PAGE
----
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Armed Madhouse

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Armed Madhouse By Greg Palast
Publisher: Dut..ton Ad..ult 2006 | 384 Pages | ISBN: 0525949682 | EPUB | 1 MB

Armed Madhouse
The "top journalist in America and the funniest" (Randi Rhodes, Air America), takes his previous New York Times bestseller a step further with hot undercover dispatches- hanging out the dirty underpants of the "armed and dangerous clowns that rule us."
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Armed Madhouse

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Armed Madhouse By Greg Palast
Publisher: Dut..ton Ad..ult 2006 | 384 Pages | ISBN: 0525949682 | EPUB | 1 MB

Armed Madhouse
The "top journalist in America and the funniest" (Randi Rhodes, Air America), takes his previous New York Times bestseller a step further with hot undercover dispatches- hanging out the dirty underpants of the "armed and dangerous clowns that rule us."
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Eccentricity and the Cultural Imagination in Nineteenth-Century Paris

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Miranda Gill "Eccentricity and the Cultural Imagination in Nineteenth-Century Paris"
Oxford University Press | English | 2009-03-15 | ISBN: 0199543283 | 320 pages | PDF | 3 MB

Eccentricity and the Cultural Imagination in Nineteenth-Century Paris
What did it mean to call someone 'eccentric' in nineteenth-century Paris? And why did breaking with convention arouse such ambivalent responses in middle-class readers, writers, and spectators? From high society to Bohemia and the demi-monde to the madhouse, the scandal of nonconformism provoked anxiety, disgust, and often secre yearning. In a culture preoccupied by the need for order ye simultaneously drawn to the values of freedom and innovation, eccentricity continually tested the boundaries of bourgeois identity, ultimately becoming inseparable from it. This interdisciplinary study charts shifting French perceptions of the anomalous and bizarre from the 1830s to the fin de siecle, focusing on three key issues. First, during the July Monarchy eccentricity was linked to fashion dandyism, and commodity culture; to many Parisians it epitomized the dangerous seductions of modernity and the growing prestige of the courtesan. Second, in the aftermath of the 1848 Revolution eccentricity was associated with the Bohemian artists and performers who inhabited 'the unknown Paris', a zone of social exclusion which middle-class spectators found both fascinating and repugnant. Finally, the popularization of medical theories of national decline in the latter part of the century led to decreasing tolerance for individual difference, and eccentricity was interpreted as a symptom of hidden insanity and deformity. Drawing on a wide range of sources, including etiquette manuals, fashion magazines, newspapers, novels, and psychiatric treatises, the study highlights the central role of gender in shaping perceptions of eccentricity. It provides new readings of works by major French writers and illuminates both well-known and neglected figures of Parisian modernity, from the courtesan and Bohemian to the female dandy and circus freak.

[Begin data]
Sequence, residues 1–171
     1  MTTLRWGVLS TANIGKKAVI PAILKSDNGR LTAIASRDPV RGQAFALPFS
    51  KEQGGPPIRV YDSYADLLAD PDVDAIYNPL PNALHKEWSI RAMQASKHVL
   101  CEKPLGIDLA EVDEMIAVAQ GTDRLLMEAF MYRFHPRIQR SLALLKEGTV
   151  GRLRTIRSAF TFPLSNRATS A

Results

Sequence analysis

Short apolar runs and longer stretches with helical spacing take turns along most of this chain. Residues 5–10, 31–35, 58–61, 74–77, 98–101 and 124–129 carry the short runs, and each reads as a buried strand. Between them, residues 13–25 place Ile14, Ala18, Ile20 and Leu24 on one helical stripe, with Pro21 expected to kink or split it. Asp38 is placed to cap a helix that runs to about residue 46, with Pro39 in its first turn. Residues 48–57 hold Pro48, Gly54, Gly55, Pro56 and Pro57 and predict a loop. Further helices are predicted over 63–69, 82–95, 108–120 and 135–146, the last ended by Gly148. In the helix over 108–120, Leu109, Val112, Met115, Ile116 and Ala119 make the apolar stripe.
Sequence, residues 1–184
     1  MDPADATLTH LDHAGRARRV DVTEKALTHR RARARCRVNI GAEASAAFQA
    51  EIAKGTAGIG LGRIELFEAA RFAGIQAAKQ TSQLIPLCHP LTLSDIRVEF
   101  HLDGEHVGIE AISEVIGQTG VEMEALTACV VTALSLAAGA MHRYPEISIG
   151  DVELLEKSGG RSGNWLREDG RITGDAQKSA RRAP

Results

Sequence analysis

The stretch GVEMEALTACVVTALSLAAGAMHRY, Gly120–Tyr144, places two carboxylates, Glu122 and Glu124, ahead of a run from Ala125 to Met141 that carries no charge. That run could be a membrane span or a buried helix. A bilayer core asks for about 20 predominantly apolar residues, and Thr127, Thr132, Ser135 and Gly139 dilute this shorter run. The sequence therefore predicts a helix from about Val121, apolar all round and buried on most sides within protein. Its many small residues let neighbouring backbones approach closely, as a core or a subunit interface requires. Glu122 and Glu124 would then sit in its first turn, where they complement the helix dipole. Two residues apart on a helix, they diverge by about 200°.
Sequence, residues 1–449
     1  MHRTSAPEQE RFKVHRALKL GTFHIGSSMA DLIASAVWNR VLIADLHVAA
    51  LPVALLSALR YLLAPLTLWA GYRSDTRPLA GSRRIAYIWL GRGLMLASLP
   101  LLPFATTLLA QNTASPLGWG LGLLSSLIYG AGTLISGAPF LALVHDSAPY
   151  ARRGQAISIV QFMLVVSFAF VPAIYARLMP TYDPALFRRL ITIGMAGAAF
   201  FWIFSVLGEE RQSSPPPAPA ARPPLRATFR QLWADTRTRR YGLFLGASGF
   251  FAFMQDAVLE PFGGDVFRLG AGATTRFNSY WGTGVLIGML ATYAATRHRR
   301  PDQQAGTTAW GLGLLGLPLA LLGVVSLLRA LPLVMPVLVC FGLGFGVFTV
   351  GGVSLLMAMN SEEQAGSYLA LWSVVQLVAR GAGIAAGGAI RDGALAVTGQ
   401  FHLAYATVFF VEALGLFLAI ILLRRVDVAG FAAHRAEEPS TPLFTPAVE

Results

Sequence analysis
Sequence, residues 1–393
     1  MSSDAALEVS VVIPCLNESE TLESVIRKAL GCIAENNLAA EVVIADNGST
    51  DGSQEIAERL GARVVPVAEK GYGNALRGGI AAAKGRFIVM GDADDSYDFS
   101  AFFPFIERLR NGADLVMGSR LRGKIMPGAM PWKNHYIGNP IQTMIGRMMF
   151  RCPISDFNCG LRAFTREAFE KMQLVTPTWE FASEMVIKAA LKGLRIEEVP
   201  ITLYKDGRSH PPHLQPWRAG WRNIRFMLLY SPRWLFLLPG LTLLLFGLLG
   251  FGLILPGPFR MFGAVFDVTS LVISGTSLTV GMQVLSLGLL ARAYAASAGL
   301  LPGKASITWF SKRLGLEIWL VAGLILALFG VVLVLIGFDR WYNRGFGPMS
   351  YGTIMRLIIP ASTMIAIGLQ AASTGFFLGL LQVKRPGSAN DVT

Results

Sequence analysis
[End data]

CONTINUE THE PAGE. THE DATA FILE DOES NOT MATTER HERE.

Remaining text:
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Inconvenient People: Lunacy, Liberty, and the Mad-Doctors in England

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Inconvenient People: Lunacy, Liberty, and the Mad-Doctors in England by Sarah Wise
English | 2013 | ISBN: 1619021714 | 480 pages | EPUB | 3,6 MB

Inconvenient People: Lunacy, Liberty, and the Mad-Doctors in England
The phenomenon of false allegations of mental illness is as old as our first interactions as human beings. Every one of us has described some other person as crazy or insane, and most all of us have had periods, moments at least, of madness. But it took the confluence of the law and medical science, mad-doctors, alienists, priests and barristers, to raise the matter to a level of "science," capable of being used by conniving relatives, "designing families" and scheming neighbors to destroy people who found themselves in the way, people whose removal could provide their survivors with money or property or other less frivolous benefits. Girl Interrupted in only a recent example. And reversing this sort of diagnosis and incarceration became increasingly more difficult, as even the most temperate attempt to leave these "homes" or "hospitals" was deemed "crazy." Kept in a madhouse, one became a little mad, as Jack Nicholson and Ken Kesey explain in One Flew Over the Cuckoos Nest.

In this sadly terrifying, emotionally moving, and occasionally hilarious book, twelve cases of contested lunacy are offered as examples of the shifting arguments regarding what constituted sanity and insanity. They offer unique insight into the fears of sexuality, inherited madness, greed and fraud, until public feeling shifted and turned against the rising alienists who would challenge liberty and freedom of people who were perhaps simply "difficult," but were turned into victims of this unscrupulous trade.

This fascinating book is filled with stories almost impossible to believe but wildly engaging, a book one will not soon forget.
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